Under the U.S. Copyright Act, the infringer is liable for either actual or statutory damages plus attorneys’ fees of the copyright owner. However, Apptricity chose to settle and the U.S. Army remains a client, according to their press release. I surmise that Apptricity probably got the deal it wanted from the “alternative dispute resolution” process by adding some settlement agreement conditions that were not announced, such as improved monitoring for future compliance, additional maintenance fees and some other forms of future revenues.
In civilian cases, software piracy can lead to double the licensing fees plus intrusive usage monitoring, additional penalties for future infringement and adverse publicity. On various occasions, we have had to advise clients on the realities and risks of unlawful “over-deployment” of a similar nature, or worse. The resulting process of correcting such errors is costly, distracting and damaging to your core brand value.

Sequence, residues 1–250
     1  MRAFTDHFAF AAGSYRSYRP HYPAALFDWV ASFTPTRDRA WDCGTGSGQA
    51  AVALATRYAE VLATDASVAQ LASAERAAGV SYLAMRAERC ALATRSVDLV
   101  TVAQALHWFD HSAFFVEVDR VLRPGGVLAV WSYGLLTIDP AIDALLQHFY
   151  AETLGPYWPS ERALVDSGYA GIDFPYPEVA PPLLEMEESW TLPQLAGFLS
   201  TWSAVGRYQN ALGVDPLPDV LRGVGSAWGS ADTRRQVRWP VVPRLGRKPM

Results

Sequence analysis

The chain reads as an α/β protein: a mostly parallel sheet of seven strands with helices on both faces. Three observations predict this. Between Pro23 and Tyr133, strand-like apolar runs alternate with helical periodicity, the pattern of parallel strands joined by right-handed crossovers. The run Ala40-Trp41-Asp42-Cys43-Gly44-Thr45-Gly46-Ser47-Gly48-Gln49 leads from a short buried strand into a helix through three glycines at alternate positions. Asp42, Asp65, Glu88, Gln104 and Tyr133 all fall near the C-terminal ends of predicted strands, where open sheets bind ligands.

Executives and entrepreneurs alike should ask themselves what does it take to manage software licensing compliance?
- Inventory Management Practices. You maintain an updated inventory of all computers and other devices and identify the authorization rules for all licensed users. You update continuously based on needs and actual uses.
- Pricing Management Practices. You plan future growth so you can negotiate volume licensing prices.
- Human Resource Management. You design a compliance process to include “adult supervision” of all personnel having access to computers. This includes both internal and external personnel and external (Cloud-based) computers. The process includes policies, training, internal auditing, enforcement and may include whistleblowing and code of conduct” procedures applicable to internal and exteral (outsourced) personnel.
- Toolkits. Find a software tool for digital rights management.
- Digital Asset Management. Beyond protection of third-party licensed software, every business needs to track and protect the intellectual property and competitive advantages of software developed by itself, its licensors, and its trading partners. Digital asset management starts with a trade secrets management strategy and assurance of the independence of its innovation team from inadvertent infringement using “Open Source” software or snippets “discovered” on the Internet.
$50 million is a lot of pain. “Inadvertent” software piracy is not good for business. The Government’s painful disclosure of such infringement is just a reminder that we each need a compliance program for digital assets
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